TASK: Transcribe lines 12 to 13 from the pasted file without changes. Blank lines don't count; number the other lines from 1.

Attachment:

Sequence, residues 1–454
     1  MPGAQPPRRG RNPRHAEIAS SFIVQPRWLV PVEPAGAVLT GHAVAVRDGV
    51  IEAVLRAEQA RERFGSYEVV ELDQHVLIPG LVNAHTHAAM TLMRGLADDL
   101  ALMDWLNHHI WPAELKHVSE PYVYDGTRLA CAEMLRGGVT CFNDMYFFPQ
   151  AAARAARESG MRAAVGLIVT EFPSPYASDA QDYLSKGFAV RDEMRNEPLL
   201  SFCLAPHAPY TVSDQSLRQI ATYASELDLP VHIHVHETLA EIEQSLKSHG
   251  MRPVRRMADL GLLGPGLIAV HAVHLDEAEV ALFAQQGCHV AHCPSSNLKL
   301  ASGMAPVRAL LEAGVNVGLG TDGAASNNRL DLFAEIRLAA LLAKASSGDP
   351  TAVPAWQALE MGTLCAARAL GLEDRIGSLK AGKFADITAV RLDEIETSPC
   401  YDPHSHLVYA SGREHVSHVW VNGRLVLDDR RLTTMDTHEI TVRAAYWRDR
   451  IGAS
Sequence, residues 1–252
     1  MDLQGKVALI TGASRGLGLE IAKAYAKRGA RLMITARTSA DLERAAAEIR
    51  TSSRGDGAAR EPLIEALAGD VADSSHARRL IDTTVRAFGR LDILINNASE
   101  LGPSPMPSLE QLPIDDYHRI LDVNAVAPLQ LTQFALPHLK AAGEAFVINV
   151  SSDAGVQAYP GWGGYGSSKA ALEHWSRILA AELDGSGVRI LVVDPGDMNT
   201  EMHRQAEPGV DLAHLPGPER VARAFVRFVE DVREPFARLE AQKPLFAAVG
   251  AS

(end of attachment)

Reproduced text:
Sequence, residues 1–252
     1  MDLQGKVALI TGASRGLGLE IAKAYAKRGA RLMITARTSA DLERAAAEIR